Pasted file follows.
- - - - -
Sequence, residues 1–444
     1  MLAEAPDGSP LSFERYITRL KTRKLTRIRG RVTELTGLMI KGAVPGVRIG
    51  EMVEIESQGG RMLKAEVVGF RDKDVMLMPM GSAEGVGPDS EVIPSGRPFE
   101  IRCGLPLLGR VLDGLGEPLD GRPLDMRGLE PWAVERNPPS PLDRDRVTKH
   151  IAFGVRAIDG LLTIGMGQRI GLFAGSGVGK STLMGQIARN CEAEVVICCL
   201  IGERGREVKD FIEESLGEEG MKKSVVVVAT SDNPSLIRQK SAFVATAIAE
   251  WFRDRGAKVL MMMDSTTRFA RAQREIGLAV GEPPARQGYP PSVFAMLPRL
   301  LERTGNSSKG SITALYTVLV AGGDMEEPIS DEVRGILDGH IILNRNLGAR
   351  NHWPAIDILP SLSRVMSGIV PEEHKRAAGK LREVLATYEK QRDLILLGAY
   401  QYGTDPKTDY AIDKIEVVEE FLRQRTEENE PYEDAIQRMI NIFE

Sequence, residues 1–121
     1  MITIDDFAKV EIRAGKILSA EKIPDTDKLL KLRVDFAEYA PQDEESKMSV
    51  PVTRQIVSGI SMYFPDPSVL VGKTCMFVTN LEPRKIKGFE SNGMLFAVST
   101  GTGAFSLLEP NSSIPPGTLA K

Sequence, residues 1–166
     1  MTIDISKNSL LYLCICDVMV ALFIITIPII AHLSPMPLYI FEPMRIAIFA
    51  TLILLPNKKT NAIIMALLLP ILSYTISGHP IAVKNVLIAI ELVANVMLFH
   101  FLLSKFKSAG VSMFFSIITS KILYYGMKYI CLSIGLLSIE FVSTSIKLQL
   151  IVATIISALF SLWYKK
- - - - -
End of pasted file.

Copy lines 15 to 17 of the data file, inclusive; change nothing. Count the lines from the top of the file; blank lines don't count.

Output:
Sequence, residues 1–166
     1  MTIDISKNSL LYLCICDVMV ALFIITIPII AHLSPMPLYI FEPMRIAIFA
    51  TLILLPNKKT NAIIMALLLP ILSYTISGHP IAVKNVLIAI ELVANVMLFH